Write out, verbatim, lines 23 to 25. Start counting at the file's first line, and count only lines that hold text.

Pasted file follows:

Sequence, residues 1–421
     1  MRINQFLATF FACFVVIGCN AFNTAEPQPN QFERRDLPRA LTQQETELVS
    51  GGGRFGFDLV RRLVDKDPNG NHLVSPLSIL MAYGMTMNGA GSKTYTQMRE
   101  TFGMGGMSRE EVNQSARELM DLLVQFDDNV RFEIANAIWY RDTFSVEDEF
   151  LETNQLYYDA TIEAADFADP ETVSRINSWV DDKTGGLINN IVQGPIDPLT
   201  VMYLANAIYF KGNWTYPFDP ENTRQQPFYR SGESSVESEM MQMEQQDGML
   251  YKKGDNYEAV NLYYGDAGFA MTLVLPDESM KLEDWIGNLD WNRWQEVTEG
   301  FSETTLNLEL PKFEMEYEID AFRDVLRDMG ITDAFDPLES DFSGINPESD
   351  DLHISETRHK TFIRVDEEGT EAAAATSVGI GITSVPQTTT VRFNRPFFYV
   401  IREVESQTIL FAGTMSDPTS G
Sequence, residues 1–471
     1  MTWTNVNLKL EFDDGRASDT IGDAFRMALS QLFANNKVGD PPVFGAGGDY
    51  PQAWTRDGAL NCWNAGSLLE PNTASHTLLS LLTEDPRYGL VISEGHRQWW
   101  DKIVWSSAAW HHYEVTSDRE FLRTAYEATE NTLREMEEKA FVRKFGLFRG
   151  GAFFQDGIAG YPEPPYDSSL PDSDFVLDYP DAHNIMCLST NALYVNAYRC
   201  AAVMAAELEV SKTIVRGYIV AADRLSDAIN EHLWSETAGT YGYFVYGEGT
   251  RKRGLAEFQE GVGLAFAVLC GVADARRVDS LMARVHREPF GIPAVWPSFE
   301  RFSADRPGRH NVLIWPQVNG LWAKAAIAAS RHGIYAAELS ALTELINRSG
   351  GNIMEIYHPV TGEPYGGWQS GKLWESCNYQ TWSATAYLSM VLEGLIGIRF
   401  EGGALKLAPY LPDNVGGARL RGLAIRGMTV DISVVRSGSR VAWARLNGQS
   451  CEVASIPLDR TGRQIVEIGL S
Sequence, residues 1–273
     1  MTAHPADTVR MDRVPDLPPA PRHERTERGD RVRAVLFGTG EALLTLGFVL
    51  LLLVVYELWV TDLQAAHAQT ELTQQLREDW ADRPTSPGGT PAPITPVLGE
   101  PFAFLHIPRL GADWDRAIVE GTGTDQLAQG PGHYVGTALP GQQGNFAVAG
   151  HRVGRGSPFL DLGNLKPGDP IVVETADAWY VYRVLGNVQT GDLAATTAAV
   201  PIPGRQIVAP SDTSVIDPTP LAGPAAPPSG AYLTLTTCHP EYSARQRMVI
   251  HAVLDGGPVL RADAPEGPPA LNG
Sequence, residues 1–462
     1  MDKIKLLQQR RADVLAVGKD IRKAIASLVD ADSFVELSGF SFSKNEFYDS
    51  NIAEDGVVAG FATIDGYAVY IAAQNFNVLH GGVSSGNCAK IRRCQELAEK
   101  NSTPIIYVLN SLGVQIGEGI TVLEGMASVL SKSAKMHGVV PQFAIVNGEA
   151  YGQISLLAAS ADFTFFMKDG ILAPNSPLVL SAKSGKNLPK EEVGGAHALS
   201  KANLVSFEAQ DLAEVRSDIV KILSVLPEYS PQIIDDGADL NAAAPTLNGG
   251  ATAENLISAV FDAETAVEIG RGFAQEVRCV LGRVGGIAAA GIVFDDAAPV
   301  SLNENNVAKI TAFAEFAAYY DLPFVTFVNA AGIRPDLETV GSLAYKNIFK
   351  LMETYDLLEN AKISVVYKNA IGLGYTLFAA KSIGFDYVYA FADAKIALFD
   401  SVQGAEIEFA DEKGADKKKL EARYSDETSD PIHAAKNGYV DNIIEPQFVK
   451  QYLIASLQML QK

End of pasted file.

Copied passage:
     1  MTAHPADTVR MDRVPDLPPA PRHERTERGD RVRAVLFGTG EALLTLGFVL
    51  LLLVVYELWV TDLQAAHAQT ELTQQLREDW ADRPTSPGGT PAPITPVLGE
   101  PFAFLHIPRL GADWDRAIVE GTGTDQLAQG PGHYVGTALP GQQGNFAVAG